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Free United Club of Kids was a documentary-style comedy overview of the historical Free United Club of Kids, of which Ted Phillips was a prominent member. It was produced by Ted Phillips for a school project under Cracked Egg Studios, although Nick Phillips is credited as producer in the video because it was a result of his original suggestion. Unlike most of Ted's Ni-Ki-Oh! work in the prior years, this was more heavily script-based. It was written by Nick Phillips on November 25, 2005 and was recorded on Digital-8 format media November 26-27, 2005.
After recently testing Free United Club of Kids' knowledge of their club's own history, Niki Moto has found that he must recount the years past in an academic fashion. He goes over the syllabus, briefly discussing the formation of the club and encounters with a gang called the Ancient Macaroni Kids.
Although some of the events take place over 10 years ago, the characters still look the same as they do now. For some members, they did not know the founding members until recently, and are unable to imagine them as children. Even so, for others, remembered images of a person are strongly influenced by the person's current appearance.
On June 13, 2005, Nick Phillips suggested that Cracked Egg Studios make a feature film about the Free United Club of Kids. This discussion resulted in the structure being a mixture of historical past events and fictional future events. The full-length film was slated for 2012, and System of a Down's Sad Statue was suggested as a theme.
In November 2005, Ted Phillips wrote the premise of the final project for his Digital Frame and Sequence class at New York University's Tisch School of the Arts, which was instructed by Darrel Wilson. He originally envisioned Nick sitting on a rock in the backyard, before any deck was built, regailing young children with his adventures in the Free United Club of Kids. This video was intended as the opening credit sequence for the feature film.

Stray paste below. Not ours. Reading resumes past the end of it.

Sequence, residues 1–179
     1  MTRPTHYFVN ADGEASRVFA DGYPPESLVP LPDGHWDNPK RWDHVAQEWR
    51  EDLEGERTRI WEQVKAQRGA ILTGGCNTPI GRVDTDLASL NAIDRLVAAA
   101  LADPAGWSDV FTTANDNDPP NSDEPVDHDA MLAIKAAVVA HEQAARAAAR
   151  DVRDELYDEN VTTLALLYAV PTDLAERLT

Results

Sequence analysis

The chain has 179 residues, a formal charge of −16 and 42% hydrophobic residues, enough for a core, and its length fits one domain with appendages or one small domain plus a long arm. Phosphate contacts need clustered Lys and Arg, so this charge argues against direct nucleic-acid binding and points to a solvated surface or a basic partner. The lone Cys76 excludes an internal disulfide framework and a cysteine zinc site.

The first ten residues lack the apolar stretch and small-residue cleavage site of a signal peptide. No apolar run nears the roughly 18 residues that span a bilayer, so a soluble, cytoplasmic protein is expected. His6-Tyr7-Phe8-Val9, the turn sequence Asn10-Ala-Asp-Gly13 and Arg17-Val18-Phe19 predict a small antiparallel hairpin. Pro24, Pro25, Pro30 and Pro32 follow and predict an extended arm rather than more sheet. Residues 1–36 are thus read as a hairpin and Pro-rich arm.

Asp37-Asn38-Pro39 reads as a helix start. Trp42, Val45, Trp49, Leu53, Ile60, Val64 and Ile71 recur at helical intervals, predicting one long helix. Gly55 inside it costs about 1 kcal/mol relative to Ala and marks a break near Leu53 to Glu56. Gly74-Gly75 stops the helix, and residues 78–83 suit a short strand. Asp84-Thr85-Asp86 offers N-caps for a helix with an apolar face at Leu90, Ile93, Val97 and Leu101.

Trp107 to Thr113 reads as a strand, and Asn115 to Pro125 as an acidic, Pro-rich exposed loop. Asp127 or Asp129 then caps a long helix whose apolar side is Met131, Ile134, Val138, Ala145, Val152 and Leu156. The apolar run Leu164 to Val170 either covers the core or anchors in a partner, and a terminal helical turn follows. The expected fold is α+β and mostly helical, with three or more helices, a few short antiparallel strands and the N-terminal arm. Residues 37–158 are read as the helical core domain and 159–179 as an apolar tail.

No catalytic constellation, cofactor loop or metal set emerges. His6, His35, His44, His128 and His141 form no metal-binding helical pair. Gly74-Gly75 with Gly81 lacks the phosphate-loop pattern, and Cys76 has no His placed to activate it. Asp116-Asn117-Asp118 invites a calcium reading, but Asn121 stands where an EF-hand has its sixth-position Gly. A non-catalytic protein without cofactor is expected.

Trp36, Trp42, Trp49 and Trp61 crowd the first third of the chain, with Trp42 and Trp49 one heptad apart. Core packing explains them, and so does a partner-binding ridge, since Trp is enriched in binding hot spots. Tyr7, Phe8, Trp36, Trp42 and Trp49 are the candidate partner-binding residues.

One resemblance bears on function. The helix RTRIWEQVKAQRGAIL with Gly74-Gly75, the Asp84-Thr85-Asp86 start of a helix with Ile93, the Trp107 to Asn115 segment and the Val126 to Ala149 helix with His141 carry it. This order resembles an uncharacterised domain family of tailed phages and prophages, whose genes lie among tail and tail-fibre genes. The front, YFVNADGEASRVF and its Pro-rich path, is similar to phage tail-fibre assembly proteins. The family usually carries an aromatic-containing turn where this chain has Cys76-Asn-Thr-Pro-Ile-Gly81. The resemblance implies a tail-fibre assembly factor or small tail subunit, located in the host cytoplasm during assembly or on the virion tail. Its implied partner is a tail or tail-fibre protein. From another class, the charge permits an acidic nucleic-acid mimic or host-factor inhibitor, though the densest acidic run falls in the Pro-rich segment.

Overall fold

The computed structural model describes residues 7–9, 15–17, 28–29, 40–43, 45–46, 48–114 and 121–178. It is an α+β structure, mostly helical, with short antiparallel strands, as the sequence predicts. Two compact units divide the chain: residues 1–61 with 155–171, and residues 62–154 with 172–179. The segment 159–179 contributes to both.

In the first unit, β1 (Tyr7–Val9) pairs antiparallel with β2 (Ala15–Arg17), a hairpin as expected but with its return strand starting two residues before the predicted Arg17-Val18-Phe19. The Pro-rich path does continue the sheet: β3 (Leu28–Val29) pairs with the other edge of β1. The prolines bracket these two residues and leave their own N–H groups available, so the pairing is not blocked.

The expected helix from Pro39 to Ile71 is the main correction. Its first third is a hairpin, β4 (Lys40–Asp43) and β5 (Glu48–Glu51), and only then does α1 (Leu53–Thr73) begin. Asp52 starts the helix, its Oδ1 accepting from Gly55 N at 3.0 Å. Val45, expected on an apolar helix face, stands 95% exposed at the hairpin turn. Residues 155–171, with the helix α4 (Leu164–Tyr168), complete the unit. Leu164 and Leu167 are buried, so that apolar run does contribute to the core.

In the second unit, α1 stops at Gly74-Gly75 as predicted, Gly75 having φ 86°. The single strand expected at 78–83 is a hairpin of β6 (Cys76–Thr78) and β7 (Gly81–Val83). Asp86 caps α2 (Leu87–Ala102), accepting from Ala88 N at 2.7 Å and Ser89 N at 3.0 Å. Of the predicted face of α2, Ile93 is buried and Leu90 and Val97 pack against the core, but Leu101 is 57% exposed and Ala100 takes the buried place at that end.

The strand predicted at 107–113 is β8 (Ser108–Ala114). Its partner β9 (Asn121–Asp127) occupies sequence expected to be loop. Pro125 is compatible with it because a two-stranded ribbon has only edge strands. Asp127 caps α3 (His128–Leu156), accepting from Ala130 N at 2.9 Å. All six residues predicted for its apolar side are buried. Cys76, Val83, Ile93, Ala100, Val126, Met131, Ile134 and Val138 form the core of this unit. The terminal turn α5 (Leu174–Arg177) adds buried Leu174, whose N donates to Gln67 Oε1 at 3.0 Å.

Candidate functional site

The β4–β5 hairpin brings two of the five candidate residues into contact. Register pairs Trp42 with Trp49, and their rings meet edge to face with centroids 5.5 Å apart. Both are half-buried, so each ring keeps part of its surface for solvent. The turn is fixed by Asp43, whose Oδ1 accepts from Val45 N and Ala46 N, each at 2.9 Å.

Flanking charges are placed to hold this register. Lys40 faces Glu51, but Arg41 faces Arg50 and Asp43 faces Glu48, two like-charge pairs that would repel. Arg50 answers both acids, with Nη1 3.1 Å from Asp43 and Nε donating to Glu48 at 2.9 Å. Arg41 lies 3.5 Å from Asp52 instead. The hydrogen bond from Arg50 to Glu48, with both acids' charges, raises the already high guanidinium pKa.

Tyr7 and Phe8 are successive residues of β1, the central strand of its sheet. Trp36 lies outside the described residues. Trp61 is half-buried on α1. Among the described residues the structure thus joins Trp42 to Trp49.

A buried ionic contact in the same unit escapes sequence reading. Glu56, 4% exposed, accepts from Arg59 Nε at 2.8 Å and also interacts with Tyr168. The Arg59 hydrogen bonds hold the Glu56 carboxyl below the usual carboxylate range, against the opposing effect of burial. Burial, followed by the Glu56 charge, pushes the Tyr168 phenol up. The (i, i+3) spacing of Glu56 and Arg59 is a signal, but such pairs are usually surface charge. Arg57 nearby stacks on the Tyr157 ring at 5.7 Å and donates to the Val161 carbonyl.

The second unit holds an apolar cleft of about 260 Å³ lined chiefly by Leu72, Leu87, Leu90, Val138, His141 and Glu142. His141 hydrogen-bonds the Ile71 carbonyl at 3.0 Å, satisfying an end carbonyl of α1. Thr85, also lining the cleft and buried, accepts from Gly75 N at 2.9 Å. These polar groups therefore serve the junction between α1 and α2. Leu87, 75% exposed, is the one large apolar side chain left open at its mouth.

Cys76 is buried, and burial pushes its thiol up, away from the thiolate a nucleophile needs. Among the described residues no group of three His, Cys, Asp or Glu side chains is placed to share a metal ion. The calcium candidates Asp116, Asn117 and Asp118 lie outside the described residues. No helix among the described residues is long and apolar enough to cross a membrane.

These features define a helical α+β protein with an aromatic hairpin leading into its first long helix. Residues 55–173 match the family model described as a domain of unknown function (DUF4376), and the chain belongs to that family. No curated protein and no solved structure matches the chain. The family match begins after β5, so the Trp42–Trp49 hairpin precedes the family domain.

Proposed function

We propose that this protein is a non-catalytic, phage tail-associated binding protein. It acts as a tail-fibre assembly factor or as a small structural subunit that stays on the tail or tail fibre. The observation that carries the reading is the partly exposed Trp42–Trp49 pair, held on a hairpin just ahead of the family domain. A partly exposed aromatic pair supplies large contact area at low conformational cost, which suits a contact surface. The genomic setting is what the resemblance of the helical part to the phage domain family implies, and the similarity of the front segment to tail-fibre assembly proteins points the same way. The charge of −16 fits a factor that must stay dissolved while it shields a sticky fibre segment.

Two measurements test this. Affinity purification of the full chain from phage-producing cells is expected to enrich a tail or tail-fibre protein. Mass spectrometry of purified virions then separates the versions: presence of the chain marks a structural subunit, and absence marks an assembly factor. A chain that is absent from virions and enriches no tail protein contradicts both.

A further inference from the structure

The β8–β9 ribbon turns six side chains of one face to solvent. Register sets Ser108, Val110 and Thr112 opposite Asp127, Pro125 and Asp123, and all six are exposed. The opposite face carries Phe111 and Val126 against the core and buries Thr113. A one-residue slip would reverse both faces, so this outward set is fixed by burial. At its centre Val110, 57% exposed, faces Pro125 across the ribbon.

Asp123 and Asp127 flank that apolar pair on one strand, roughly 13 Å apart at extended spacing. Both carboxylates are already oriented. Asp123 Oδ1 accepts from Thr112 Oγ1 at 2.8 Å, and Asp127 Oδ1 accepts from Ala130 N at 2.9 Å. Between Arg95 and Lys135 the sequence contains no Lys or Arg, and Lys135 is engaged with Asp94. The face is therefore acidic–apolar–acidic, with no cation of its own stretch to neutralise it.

He broke most of the rules for the project in its production, specifically that it was not slideshow of 35mm images. The reception among his classmates mainly consisted of shock and confusion, but Andrew Rubin was intrigued by "the gang wars of eight-year-olds." As Darrel Wilson was most interested in experimental work, he very much enjoyed it.
The video was released as downloadable content on the Cracked Egg Studios web site on June 10, 2006, although it was nearly impossible to download because the transfer was buggy. The video was released on YouTube on August 10, 2006, but did not become widely popular. It first appeared on the Cracked Egg Studios web site in December 2006 in an embedded YouTube player, but was removed April 2007 when The Vault was upgraded to Version 3. It has remained one of the most popular releases of Cracked Egg Studios aficionados to date.
In May 2008, Ted Phillips announced plans to remove this video from his YouTube account and make it solely available on the official site. In early 2009, Cracked Egg Studios canceled plans for a feature because they decided a series was more suited to the scope of the story. On April 17, 2009, Free United Club of Kids became a Cracked Egg Studios web site exclusive.
On April 19, 2009, Ted Phillips told Joe Justus that he might release an updated video that had undergone color correction. The Digital-8 media it was recorded on was notorious for losing color information and having a flattened contrast. However, he decided against this, because although some scenes like the parking lot looked more beautiful after color restoration, Ted believed that the nearly black-and-white quality of the video emoted a nostalgia.